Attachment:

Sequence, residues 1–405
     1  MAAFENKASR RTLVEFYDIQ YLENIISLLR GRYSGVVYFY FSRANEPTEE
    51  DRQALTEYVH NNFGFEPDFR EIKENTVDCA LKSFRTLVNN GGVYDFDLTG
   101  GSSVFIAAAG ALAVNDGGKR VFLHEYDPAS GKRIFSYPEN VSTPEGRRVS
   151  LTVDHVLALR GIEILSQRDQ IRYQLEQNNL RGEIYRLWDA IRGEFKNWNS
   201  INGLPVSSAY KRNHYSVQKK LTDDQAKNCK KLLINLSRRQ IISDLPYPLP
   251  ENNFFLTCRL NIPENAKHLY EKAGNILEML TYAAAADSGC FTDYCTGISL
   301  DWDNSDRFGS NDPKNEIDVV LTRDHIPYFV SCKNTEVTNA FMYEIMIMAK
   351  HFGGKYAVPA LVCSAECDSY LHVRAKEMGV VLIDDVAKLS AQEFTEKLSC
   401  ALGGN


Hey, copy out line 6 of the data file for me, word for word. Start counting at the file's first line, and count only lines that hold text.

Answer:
   201  INGLPVSSAY KRNHYSVQKK LTDDQAKNCK KLLINLSRRQ IISDLPYPLP